Eon has reported a fall in profits from its UK retail arm after the supplier lost around 200,000 customers during 2018.

Its financial results for the year showed a 32 per cent drop in adjusted earnings before interest, tax, depreciation and amortisation (EBITDA) to €237 million.

The slump came despite an 8 per cent rise in revenues to €7.76 billion as a result of higher power prices and increased gas sales driven by cold weather.

Adjusted earnings before interest and tax (EBIT) contracted by 43 per cent to €142 million owing to “persistently challenging market conditions, higher restructuring expenditures, regulatory effects and a weather-driven decline in power sales”.

Going by this measure, the supplier posted a €1 million loss in the last three months of the year compared to a €108 million profit during the same period in 2017. Adjusted EBITDA for the quarter was down almost four-fifths at €26 million. It ended 2018 with 6.8 million gas and electricity customers in the UK.

Eon as a whole saw a 2 per cent decrease in adjusted EBITDA to €4.84 billion. Adjusted EBIT was down by 3 per cent at €3 billion and net income by 16 per cent at €3.53 billion.

The company unveiled plans in March last year to buy RWE’s 76.8 per cent stake in Innogy in exchange for 16.67 per cent of the Eon group, its renewable portfolio and €1.5 billion in cash. RWE will also receive Innogy’s renewable assets if the deal goes ahead.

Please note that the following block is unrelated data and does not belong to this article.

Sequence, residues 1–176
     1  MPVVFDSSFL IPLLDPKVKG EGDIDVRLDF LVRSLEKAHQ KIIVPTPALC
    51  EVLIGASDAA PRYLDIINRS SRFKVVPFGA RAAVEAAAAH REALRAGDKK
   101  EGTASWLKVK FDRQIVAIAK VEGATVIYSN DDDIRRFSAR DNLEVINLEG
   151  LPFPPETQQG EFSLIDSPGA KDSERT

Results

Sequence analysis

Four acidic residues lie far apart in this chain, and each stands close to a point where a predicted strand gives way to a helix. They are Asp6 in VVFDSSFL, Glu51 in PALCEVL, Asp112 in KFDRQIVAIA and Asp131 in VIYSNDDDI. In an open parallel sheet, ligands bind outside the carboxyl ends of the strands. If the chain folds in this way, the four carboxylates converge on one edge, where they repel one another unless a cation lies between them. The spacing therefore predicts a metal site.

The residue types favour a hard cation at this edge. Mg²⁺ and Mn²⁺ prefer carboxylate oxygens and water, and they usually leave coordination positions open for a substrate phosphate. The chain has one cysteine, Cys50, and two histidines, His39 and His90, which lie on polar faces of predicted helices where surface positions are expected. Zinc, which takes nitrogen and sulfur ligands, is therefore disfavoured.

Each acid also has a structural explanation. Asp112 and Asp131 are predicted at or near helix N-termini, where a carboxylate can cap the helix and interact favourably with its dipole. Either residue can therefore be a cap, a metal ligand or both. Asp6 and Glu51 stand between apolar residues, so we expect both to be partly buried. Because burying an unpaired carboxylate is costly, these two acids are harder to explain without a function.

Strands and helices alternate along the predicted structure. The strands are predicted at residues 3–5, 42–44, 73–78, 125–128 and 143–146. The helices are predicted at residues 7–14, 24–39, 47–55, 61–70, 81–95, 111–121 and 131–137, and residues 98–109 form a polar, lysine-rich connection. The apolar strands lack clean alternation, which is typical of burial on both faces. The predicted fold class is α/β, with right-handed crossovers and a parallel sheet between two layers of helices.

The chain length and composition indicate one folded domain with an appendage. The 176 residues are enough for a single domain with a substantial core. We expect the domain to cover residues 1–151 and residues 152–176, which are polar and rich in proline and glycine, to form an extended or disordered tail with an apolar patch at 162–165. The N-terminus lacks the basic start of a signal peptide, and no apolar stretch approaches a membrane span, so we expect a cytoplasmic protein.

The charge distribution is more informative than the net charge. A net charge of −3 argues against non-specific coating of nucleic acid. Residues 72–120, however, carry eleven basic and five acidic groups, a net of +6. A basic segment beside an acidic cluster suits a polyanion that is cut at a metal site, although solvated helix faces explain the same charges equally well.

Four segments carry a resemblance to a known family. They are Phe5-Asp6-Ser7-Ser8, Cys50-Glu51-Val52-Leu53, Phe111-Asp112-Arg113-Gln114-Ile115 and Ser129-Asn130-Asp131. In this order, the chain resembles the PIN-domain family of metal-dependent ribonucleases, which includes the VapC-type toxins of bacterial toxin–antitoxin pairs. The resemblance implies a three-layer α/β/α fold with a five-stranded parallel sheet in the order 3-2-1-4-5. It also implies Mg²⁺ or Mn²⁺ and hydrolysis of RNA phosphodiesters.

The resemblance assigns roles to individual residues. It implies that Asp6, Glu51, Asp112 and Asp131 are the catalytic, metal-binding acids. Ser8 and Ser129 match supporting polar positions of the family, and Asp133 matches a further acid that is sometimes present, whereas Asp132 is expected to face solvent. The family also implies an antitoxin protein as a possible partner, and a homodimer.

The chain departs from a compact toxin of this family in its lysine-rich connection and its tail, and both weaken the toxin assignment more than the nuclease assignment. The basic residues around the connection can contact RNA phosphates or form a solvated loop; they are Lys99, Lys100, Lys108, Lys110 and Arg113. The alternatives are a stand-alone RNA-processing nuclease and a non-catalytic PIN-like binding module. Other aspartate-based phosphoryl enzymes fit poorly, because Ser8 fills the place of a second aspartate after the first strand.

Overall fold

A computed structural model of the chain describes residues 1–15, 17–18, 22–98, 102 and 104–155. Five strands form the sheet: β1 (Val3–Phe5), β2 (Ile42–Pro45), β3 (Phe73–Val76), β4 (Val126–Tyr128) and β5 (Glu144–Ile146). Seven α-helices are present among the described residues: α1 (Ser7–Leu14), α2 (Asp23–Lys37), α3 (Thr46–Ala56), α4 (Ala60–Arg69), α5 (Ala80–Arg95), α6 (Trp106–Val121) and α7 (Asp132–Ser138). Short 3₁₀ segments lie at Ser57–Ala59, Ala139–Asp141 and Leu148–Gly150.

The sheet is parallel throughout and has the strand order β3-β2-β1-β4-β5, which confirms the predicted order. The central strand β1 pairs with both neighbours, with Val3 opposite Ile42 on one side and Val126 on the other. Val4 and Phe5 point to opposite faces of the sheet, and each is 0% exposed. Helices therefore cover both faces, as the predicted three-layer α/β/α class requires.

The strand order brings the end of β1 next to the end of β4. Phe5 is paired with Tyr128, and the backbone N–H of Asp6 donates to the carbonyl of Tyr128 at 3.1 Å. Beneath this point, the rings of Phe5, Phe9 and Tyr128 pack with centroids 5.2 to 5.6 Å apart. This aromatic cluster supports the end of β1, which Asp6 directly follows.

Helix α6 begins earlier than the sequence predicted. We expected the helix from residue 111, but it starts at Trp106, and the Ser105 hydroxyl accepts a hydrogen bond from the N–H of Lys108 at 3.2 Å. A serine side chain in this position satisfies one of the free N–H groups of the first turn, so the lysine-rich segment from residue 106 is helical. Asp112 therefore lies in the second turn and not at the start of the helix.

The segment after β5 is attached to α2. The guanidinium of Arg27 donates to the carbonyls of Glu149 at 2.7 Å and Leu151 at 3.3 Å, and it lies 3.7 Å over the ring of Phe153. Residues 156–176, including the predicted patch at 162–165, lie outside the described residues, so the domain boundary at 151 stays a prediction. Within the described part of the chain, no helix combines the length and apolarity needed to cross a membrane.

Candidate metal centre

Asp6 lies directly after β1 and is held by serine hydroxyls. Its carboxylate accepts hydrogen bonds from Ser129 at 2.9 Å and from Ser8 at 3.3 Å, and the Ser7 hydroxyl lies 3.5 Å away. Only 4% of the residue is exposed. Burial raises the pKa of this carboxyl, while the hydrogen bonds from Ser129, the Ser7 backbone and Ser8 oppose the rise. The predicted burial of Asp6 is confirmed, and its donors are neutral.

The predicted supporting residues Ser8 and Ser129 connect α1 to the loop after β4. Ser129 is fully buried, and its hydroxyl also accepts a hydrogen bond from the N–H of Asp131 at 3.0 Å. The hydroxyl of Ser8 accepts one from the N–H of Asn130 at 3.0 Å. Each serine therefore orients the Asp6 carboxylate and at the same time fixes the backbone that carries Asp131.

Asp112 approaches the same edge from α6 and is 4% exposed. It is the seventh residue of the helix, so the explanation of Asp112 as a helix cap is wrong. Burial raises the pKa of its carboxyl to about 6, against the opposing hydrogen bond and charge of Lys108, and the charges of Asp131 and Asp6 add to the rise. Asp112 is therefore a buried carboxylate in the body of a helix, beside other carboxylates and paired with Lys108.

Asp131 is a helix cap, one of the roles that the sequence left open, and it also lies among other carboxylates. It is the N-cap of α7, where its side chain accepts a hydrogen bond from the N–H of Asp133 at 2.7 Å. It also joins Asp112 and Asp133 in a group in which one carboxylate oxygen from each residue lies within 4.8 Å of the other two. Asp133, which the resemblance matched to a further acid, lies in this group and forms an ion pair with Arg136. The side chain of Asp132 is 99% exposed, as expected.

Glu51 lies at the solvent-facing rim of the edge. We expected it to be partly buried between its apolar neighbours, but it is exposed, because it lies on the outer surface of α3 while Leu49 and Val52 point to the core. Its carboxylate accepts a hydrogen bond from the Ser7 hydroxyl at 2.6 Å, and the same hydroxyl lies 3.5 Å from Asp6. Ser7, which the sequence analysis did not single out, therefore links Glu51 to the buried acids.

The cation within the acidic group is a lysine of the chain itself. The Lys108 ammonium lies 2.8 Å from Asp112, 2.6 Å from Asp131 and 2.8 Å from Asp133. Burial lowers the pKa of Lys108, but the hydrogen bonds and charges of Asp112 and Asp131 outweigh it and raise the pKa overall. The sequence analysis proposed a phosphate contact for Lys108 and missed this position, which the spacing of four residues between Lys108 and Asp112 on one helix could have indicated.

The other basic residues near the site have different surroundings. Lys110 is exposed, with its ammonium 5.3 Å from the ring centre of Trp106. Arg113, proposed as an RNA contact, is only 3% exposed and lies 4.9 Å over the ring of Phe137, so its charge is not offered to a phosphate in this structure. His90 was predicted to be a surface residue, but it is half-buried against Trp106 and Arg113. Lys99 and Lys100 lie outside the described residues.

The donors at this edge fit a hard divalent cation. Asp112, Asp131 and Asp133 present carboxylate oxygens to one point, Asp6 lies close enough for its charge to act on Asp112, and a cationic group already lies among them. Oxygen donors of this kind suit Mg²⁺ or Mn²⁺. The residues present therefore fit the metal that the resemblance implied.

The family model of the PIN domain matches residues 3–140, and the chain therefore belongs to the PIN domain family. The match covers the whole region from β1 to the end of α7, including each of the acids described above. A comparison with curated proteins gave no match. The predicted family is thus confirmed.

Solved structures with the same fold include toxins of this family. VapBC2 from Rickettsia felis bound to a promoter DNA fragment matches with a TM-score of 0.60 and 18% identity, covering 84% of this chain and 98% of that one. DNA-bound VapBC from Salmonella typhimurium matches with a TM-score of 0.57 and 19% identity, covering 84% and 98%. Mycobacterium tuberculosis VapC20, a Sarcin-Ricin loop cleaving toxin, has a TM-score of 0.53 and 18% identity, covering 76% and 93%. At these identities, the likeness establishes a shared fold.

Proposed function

The Competition and Markets Authority launched an investigation into the transaction in February, as did the European Commission last week. Eon chief executive Johannes Teyssen said the commission is expected to give its approval in the second half of 2019.

Innogy owns the big six supplier Npower, which was due to be merged with the retail arm of SSE when the deal was announced.

However, the merger has since been cancelled, meaning the asset swap between RWE and Eon would leave the latter holding two of the big six – both its own namesake supplier and Npower. Based on the latest figures from Ofgem, they would have a combined market share of 22 per cent for electricity and 18 per cent for gas.

Eon said in January it did not anticipate the collapse of the merger between Npower and SSE having “any material effect” on the deal with RWE. Announcing its financial results for 2018 earlier today (13 March), Innogy said it is currently considering “alternative options” for the future of Npower.

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